Restraint Is the Key to Relevance: Why What You Don’t Say Matters

Note: a version of this article previously appeared in MarTech Series.

Ask any CMO about the formula for winning with digital advertising, and the answer will inevitably center around “relevance” — the ability to leverage data to achieve that state of marketer nirvana bringing together the right person, right message, right time and right context. But while programmatic media has come a long way in terms of its sophistication around audience targeting, it still lags when it comes to consumer reaction, perhaps the most relevant insight of all. The next evolution of programmatic must take lessons from an unlikely source of inspiration: the door-to-door salesperson.

Think about all of the advantages that door-to-door salespeople possess when it comes to audience understanding. They know the context, the neighborhood and the weather. They know the address, the date and the time. They know the size of the house, along with the gender, age and financial profile of the prospect. And they know whether they have knocked on that same door in the past.

Among all of this anecdotal information, perhaps no insight is as relevant as the salesperson’s ability to read facial expressions and other small cues to detect when the consumer objects, retreats or appears put off — information that the seller can use to alter his approach on the fly. (There’s a reason why the lion’s share of sales literature is devoted to overcoming objections: The consumer usually has them).

Programmatic media’s ability to read and react to these consumer cues is still in its infancy, which presents a serious challenge for today’s media buyers. After all, if you can’t gauge when a person doesn’t want to see your ads, you can’t know when to stop showing them.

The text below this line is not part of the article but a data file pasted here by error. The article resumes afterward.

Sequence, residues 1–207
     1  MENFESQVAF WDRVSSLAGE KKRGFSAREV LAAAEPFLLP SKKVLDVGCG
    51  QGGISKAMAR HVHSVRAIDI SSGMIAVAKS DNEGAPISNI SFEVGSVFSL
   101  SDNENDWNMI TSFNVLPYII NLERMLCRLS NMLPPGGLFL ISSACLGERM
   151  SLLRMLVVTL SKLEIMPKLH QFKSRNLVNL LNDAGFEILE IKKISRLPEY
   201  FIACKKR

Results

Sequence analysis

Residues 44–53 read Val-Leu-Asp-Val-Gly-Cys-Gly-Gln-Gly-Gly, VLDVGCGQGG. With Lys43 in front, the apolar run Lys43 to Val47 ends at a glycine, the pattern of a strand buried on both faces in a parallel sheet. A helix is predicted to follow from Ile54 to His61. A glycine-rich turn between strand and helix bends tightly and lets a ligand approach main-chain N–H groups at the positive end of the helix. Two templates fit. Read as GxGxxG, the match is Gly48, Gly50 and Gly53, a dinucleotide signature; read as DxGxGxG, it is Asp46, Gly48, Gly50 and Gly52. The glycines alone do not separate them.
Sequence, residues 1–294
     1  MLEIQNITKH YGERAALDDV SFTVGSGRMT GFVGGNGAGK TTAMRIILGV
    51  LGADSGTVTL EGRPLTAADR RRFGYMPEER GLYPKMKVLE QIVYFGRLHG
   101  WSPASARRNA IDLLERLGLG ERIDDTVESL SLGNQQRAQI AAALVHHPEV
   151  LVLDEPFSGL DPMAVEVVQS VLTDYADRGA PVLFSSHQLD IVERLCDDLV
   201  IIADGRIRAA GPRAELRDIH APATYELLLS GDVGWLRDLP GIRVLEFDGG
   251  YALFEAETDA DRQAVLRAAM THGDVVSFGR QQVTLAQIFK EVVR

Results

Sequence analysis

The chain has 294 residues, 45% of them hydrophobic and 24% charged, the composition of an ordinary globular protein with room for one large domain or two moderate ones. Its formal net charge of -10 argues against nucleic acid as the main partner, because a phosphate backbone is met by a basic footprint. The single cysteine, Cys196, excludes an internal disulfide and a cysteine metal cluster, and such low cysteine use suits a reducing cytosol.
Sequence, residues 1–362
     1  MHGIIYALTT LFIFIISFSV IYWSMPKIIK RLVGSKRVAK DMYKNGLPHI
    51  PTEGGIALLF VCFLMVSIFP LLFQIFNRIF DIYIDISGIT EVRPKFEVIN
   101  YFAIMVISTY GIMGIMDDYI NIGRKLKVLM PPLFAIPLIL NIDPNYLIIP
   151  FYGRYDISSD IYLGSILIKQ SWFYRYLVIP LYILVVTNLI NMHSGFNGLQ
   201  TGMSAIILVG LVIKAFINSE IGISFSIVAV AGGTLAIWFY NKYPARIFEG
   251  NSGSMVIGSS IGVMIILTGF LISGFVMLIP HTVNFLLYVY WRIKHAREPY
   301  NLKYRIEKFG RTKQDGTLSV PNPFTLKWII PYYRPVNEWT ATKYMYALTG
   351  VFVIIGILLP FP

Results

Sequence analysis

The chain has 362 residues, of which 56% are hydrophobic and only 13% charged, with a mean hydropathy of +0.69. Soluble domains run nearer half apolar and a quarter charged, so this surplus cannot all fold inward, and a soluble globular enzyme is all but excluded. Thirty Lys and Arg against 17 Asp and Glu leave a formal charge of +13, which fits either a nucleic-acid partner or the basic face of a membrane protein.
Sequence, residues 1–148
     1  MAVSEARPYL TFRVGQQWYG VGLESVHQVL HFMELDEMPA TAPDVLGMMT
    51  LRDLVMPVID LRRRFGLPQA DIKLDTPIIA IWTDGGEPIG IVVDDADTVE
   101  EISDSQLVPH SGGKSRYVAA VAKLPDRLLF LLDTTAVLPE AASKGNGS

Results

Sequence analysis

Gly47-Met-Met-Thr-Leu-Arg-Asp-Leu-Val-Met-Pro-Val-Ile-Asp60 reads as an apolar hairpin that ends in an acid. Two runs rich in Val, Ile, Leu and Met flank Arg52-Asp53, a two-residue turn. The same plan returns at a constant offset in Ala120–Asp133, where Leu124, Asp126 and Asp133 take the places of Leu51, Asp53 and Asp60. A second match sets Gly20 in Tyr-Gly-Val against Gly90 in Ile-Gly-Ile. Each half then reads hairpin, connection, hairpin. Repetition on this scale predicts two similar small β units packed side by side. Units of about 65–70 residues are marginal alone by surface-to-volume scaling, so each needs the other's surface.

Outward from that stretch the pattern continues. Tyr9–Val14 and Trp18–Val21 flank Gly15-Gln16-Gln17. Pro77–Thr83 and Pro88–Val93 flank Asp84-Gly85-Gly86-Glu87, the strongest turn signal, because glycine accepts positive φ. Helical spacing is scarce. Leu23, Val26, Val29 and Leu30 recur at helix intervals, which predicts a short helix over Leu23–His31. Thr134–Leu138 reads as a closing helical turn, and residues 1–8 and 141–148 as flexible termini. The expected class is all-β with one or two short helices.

But with a growing body of evidence suggesting that restraint is a key driver of relevance, it’s clear that a brand’s ability and willingness to suppress advertising where it is known to (or likely to) cause irritation represents the next signature advance in people-based engagement. To get there, advertisers will need to attain not just a people-based view of the customer, but one that can resolve her identity and respond to behavioral cues in real time. 

Thou Shalt Not Annoy the Consumer

We know that individual consumers are unique. That’s why we’ve spent decades building a vast and intricate infrastructure for targeting them on an individual level based on income, preferences, purchase history and other attributes. But consumers are also unique in terms of how they think about the value exchange required to share their information and attention, as well as their perspectives on data privacy and even on specific products and categories — consider how personal beliefs and sensitivities can determine an individual’s response to messages promoting sports betting, pharmaceuticals or alcohol.